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Home arrow Archives Index arrow January 1998 arrow January 1998 - English
January 1998 - English PDF Print E-mail


The International Journal of Clinical and Experimental Hypnosis
Volume 46, Number 1 - January 1998 - English

 

The folly of effort: Ironic effects in the mental control of pain.
Eastwood,-John-D.; Gaskovski,-Peter; Bowers,-Kenneth-S.

During exposure to pain, 49 college students who were engaged in hypnotic analgesia or stress inoculation provided pain reports every 5 sec and 45 sec, respectively. It was found that the frequency of pain reporting had a significant effect on Ss' level of experienced pain. This finding is discussed in the context of important methodological implications for laboratory investigations of analgesia. Furthermore, preliminary evidence was obtained suggesting that high hypnotizables in hypnotic analgesia remained relatively undisrupted by frequent pain reporting. Based on D. M. Wegner's (1994) ironic process theory, it is argued that this pattern of results is inconsistent with theories of hypnosis that propose that hypnotized individuals intentionally engender responses while remaining unaware of their sustained, deliberate effort. The obtained pattern of results, however, was predicted from the dissociated control model of hypnosis (Bowers, 1990,1992).

 

Hypnotic pain control: Some theoretical and practical issues.
Alden,-Phyllis; Heap,-Michael

Pain management programs assist patients to use their behavioral and cognitive skills for the purpose of rendering their experience of pain as more tolerable in some way. Hypnotic procedures may be included in this perspective. Thus, hypnosis may be best conceived as a set of skills to be deployed by the individual rather than as a state. The authors contend that such an emphasis is more compatible with the approaches of some pain management practitioners who have been generally slow to acknowledge the value of hypnosis and to incorporate hypnosis in their range of treatment skills. In this article, the authors present a minimal and atheoretical definition of hypnosis, and they list the basic properties of hypnosis that may be used in the treatment of pain. For a number of reasons, it is suggested that undertaking hypnosis as though the individual were indeed being placed into a special trance state may in some cases promote an effective outcome. However, it should be acknowledged that there may be instances when the relevant skills may be more effectively engaged at the expense of a strict special trance state by targeting the specific skills that are to be used for therapeutic benefit. Case illustrations are presented.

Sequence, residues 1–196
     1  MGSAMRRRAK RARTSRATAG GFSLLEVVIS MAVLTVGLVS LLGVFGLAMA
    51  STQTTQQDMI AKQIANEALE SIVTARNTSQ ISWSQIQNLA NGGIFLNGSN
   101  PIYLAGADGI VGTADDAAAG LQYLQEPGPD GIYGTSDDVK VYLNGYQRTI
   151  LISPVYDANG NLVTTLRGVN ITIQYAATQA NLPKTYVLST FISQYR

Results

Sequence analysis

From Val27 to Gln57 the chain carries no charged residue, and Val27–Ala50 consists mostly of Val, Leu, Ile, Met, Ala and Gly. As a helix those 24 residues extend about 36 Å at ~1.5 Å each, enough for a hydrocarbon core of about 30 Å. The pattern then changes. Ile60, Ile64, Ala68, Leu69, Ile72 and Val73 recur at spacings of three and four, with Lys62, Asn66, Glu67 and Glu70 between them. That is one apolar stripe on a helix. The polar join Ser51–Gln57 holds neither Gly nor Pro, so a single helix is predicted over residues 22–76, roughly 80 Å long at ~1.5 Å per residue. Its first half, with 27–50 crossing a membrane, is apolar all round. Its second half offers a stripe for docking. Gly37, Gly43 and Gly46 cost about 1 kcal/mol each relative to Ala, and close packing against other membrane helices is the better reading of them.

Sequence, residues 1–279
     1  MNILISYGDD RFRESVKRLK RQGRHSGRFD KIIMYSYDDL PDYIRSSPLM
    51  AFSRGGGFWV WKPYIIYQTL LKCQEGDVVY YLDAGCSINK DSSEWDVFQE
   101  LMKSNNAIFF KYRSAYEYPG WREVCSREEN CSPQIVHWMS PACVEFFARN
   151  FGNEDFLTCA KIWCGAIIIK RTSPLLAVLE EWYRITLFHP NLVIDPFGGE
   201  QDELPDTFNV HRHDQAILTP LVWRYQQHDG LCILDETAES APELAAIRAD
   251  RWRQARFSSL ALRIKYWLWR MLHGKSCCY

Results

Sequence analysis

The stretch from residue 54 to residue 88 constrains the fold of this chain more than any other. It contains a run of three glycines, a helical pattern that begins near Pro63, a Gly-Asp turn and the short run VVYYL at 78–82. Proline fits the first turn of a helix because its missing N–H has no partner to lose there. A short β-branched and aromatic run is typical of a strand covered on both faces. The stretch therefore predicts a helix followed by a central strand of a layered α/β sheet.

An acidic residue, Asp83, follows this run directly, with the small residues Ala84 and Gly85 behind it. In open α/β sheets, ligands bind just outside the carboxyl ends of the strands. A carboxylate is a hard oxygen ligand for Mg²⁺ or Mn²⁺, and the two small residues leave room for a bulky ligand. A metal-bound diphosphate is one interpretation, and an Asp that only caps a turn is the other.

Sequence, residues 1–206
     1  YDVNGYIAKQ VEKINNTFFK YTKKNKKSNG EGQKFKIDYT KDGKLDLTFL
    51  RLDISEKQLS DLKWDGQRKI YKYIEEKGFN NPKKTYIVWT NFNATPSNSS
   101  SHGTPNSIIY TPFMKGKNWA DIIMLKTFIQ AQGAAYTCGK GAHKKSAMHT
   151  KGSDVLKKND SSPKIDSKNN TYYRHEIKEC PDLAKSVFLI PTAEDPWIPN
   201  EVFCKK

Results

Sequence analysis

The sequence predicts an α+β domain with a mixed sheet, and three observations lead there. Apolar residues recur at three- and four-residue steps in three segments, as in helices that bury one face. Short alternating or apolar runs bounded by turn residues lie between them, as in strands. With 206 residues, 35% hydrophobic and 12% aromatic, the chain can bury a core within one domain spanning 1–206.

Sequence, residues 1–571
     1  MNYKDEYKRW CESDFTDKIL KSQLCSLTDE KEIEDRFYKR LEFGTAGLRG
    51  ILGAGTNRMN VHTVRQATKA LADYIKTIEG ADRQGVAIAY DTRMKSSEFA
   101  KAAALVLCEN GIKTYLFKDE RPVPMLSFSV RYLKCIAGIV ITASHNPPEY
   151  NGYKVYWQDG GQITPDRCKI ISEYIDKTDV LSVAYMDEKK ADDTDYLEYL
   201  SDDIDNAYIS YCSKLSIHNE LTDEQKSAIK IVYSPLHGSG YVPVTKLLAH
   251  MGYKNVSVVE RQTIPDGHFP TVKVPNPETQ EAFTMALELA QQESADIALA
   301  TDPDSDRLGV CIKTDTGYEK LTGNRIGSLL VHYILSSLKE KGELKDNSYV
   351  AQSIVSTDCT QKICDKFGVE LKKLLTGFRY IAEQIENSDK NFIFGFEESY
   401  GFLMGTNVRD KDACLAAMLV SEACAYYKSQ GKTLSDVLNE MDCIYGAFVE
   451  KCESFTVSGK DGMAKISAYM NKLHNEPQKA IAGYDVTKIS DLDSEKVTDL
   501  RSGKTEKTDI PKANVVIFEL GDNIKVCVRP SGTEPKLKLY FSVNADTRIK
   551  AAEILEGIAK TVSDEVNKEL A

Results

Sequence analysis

Cognitive aspects of pain and pain control.
Weisenberg,-Matisyohu

Reviews some of the theoretical and experimental bases of cognitive approaches to pain control, as well as examples of the techniques used. Special emphasis is given to self-efficacy, perceived control, and stress inoculation therapy. There is also discussion of some of the limitations of the cognitive approach. The overall conclusion is that the cognitive approach is a powerful and effective one for pain control despite its limitations.

 

The mysterious persistence of hypnotic analgesia.
Barber,-Joseph

Hypnotic treatment of pain has a long history and, among hypnotic phenomena, pain relief is a relatively commonplace focus for intervention, yet we lack a conceptual explanation for this treatment. Hilgard's neodissociation theory accounts for the phenomenon of acute hypnotic analgesia, but not of persistent pain relief. How does a clinician effect persistent hypnotic analgesia? In exploring this question, the author illustrates and further elaborates on the nature of hypnotic responding in a clinical setting; briefly summarizes what we can learn from the laboratory investigation of hypnotic suggestion; proposes 2 hypotheses of how hypnotic suggestion in a clinical setting might operate; and describes various methods used to treat recurring pain.

 

Hypnotic analgesia: A constructivist framework.
Chapman,-C.-Richard; Nakamura,-Yoshio

Reviews a few historically dominant and contemporary models of pain and points out the limitations of such models. The authors also propose a new constructivist framework for understanding pain processing that emphasizes how the brain constructs the content of consciousness (i.e., painful experience) from dynamically distributed processing in large-scale neurocognitive networks that operate in parallel. Finally, they consider implications of the new framework for pain and hypnotic analgesia research.

 
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